So now President Donald Trump is a war leader. His decision to launch Tomahawk cruise missiles across an international border is an act of war. And, like most of America’s wars, it will never be declared by Congress.
Immediately upon the news of the Syria strike, Twitter erupted with complaints that the U.S. Constitution vests the power to declare war only in Congress. This common worry misapprehends both the structure of the Constitution and the historical understanding of the declaration of war.
Every U.S. president, all the way back to the founding, has at some point used military force without first obtaining the approval of the legislative branch. A few snippets: George Washington fought the so-called Northwest Indian War to subdue the native people of Ohio. On the eve of World War I, Woodrow Wilson ordered the Marines into Mexico. Half a century later Ronald Reagan invaded Grenada. In the Cuban Missile Crisis, President John Kennedy took the nation to the brink of nuclear war with the Soviet Union. In 2011, the White House justified President Barack Obama’s orders to attack Libya with the remarkable argument that because U.S. forces were conducting only bombing and using missiles, the actions did not constitute “hostilities” within the meaning of the War Powers Resolution of 1973 — a statute requiring that hostilities end within 90 days if no congressional approval is forthcoming.
True, presidents often claim to find justification for their wars in the language of existing statutes and resolutions.
But what about the congressional power to declare war? Scholars are sharply divided over whether the Framers intended it as a check on the executive’s “independent” war-making authority. Certainly at the time of the founding, the use of a formal declaration of war had fallen into disuse. Yes, there is a reasonable case to be made that the Framers did hope to restrict presidential use of the military without congressional assent. But the new nation did not behave as if a declaration was necessary.
Even 19th- and early 20th-century thinkers who considered a declaration of war to be important did not argue that it was constitutionally required. The reason a declaration should be made, wrote lawyer Daniel Chauncey Brewer in the 1890s, was that without it “neither enemies, friends, nor neutrals can be properly forewarned.” The function of a declaration of war, wrote Yale’s Simeon Baldwin, was to create or announce the “legal condition of things.”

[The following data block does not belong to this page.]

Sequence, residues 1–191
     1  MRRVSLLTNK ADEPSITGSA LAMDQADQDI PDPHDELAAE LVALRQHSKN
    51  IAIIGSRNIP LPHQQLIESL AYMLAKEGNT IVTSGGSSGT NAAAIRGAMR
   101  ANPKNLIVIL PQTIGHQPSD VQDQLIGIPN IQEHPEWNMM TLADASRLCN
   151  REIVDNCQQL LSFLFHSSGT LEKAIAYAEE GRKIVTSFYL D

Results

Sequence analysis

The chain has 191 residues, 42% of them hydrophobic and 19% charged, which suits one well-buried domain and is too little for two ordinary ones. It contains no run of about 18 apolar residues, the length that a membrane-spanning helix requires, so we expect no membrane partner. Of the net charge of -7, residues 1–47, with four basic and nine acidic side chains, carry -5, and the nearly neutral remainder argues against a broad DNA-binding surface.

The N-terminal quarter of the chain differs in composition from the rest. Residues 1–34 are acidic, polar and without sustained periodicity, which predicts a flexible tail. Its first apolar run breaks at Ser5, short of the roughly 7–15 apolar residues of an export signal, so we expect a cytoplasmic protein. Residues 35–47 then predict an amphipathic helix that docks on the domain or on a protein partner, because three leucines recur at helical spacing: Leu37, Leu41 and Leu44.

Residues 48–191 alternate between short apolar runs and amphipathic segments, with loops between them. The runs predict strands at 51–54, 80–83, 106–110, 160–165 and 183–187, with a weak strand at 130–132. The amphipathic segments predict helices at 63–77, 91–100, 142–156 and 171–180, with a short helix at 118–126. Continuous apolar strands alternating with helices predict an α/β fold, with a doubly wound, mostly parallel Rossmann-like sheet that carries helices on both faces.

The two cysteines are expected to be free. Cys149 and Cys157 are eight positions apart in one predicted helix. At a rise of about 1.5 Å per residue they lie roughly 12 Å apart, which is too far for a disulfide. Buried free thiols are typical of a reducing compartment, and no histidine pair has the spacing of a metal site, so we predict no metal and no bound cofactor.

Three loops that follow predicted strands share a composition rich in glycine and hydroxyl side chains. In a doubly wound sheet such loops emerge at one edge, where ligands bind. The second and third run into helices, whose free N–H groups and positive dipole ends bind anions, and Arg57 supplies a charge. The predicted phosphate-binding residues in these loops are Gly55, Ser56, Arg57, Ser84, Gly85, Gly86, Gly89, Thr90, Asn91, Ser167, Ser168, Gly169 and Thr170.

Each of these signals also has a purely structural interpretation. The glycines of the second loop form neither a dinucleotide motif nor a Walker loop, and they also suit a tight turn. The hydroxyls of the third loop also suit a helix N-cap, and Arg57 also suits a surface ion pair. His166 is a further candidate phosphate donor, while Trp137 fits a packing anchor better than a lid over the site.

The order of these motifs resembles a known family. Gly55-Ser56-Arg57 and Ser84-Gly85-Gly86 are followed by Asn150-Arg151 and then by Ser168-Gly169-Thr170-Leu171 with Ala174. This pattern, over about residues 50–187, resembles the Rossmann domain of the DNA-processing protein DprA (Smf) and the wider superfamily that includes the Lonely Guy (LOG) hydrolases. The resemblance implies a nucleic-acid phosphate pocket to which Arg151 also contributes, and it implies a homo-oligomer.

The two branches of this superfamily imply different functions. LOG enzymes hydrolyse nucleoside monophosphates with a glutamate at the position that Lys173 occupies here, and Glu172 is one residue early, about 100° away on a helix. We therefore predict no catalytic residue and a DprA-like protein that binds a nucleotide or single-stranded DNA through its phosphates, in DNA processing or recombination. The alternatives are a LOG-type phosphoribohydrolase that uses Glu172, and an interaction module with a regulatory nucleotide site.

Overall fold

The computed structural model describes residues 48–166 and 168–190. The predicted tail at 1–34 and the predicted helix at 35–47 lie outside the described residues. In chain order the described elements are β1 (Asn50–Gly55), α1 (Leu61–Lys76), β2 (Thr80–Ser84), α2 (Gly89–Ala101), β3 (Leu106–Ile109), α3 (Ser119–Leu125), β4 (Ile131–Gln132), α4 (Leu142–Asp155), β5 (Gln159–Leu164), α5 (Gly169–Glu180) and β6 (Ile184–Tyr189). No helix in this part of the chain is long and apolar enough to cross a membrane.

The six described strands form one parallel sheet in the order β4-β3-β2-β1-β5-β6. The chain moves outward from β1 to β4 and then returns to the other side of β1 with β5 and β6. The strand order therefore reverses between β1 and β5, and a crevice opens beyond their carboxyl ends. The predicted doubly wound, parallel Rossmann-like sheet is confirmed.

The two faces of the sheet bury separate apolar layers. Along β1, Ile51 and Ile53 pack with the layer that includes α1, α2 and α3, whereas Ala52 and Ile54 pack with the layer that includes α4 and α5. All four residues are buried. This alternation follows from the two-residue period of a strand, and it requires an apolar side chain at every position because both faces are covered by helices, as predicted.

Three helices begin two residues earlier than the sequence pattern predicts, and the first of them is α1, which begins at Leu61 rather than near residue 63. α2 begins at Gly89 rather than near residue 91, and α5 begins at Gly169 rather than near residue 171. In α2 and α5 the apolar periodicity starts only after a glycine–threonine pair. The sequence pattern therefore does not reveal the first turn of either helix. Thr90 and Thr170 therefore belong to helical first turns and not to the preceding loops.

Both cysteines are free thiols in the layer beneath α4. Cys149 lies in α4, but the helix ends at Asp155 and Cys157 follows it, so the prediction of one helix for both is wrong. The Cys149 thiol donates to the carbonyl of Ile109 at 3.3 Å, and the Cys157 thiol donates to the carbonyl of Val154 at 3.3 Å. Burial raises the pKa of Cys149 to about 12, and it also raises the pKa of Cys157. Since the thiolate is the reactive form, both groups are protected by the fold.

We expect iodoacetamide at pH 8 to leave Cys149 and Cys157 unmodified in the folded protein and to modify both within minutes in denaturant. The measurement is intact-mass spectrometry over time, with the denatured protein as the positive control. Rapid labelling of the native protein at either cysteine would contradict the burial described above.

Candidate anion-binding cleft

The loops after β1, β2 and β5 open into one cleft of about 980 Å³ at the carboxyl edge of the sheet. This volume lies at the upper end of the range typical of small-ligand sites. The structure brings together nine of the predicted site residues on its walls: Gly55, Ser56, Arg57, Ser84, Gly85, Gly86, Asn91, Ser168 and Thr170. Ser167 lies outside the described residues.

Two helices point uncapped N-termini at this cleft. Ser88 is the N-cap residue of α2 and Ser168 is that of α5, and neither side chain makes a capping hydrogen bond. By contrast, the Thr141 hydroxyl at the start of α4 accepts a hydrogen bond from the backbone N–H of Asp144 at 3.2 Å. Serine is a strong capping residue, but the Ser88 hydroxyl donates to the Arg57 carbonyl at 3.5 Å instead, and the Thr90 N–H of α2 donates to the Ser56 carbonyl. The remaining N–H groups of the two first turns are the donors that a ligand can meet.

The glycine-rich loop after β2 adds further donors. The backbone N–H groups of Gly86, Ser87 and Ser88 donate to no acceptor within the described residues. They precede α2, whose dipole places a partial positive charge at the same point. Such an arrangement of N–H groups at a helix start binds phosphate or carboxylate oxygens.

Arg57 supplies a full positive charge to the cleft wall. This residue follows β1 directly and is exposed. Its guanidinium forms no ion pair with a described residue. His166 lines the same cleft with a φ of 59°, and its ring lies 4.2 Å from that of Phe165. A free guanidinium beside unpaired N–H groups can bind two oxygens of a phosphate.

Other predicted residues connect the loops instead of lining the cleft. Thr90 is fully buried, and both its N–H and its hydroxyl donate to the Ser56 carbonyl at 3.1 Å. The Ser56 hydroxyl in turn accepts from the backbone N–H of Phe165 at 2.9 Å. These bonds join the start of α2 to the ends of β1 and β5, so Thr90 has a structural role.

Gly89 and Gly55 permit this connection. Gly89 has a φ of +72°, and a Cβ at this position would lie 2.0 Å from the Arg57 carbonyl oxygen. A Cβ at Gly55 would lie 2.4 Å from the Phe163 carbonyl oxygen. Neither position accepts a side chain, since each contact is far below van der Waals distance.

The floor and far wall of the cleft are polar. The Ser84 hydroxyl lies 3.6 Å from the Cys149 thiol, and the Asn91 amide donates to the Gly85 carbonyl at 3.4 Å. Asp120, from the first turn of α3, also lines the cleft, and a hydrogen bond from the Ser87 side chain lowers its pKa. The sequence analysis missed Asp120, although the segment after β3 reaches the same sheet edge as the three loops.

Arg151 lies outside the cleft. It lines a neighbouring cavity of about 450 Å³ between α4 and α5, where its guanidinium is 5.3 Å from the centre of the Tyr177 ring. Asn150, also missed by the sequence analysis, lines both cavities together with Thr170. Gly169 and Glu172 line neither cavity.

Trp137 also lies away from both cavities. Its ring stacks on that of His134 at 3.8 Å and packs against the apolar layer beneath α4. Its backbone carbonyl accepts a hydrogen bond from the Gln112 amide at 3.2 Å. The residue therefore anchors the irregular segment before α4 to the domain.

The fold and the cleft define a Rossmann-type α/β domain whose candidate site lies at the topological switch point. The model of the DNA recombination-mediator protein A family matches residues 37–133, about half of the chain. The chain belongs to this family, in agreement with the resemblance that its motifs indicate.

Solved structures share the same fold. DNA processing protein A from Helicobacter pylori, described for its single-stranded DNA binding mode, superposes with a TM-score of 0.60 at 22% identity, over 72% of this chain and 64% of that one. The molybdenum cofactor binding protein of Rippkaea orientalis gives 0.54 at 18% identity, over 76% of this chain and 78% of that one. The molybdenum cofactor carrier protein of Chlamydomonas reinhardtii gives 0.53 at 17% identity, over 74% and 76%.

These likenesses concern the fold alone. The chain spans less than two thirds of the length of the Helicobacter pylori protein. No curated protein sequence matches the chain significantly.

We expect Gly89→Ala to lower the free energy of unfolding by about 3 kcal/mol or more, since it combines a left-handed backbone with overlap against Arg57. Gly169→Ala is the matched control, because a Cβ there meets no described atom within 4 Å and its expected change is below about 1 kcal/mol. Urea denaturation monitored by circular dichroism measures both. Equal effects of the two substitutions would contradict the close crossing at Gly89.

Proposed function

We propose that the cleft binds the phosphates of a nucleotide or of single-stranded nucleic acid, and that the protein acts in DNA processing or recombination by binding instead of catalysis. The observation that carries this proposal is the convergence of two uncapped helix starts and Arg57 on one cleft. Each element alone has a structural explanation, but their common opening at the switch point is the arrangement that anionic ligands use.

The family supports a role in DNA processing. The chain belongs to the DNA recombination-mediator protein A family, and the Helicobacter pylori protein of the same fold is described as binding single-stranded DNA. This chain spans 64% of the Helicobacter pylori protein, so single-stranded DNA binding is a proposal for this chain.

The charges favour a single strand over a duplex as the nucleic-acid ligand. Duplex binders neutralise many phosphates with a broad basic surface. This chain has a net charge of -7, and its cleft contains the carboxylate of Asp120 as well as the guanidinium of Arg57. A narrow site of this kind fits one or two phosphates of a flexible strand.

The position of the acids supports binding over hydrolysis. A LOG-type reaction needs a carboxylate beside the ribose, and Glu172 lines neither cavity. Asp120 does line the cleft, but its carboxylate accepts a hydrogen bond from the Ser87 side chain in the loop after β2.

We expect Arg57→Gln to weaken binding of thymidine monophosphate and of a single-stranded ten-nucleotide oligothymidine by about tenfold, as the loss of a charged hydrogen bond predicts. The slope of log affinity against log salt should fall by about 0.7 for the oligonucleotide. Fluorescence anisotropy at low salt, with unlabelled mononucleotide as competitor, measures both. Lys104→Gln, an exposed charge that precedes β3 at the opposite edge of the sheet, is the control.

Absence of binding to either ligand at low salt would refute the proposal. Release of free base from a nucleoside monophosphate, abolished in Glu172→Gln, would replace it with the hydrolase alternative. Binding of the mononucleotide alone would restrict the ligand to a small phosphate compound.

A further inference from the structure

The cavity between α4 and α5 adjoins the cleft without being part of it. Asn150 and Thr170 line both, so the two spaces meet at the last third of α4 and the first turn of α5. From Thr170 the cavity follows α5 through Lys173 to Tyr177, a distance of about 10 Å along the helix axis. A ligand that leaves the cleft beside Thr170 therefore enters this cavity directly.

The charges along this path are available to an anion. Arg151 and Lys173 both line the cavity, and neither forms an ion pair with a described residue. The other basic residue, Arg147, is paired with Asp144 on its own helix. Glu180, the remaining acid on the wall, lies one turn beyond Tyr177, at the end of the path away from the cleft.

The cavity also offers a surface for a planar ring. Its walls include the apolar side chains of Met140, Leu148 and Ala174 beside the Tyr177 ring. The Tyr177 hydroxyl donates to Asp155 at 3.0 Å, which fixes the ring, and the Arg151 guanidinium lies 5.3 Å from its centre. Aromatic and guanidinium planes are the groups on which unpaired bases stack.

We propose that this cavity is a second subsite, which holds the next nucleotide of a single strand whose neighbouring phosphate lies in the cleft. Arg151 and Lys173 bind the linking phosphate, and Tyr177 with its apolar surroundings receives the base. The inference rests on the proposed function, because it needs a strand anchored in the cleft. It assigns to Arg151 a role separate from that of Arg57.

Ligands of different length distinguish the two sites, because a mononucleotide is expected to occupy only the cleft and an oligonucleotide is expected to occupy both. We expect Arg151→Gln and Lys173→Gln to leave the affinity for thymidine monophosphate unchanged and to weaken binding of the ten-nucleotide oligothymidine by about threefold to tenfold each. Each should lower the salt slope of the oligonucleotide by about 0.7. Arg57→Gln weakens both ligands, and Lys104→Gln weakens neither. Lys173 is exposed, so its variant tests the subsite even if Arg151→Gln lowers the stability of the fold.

The need for formal warning is the relic of an era of more difficult communications. Trump and Obama both warned Syria. President George W. Bush warned both Afghanistan and Iraq. The warning function, in short, is nowadays carried out by less formal but still effective means.
Congress possesses considerable powers to prevent the president from making war should it choose to exercise them. In particular, the House and the Senate can vote to cut off funding, as they did in 1973, overriding a presidential veto of a law refusing to pay for the bombing of Cambodia.
That’s tough to do, of course, but it would be a lot easier if Congress had not acquiesced over the years in the buildup of warmaking authority in the executive. There’s zero chance that the House or Senate would adopt a resolution restricting Trump’s freedom to act in Syria, just as there was zero chance that either chamber would adopt a resolution restricting Obama’s freedom to act in Libya.
The result is that the commander in chief can order the military into action whenever it suits his judgment. Many people, myself included, are uneasy with that hard truth. For better or worse, however, it’s been our practice for a very long time. Clinging to the long-dead notion that Congress must first declare war might be comforting, but it has nothing to do with reality.
Stephen L. Carter is a Bloomberg View columnist.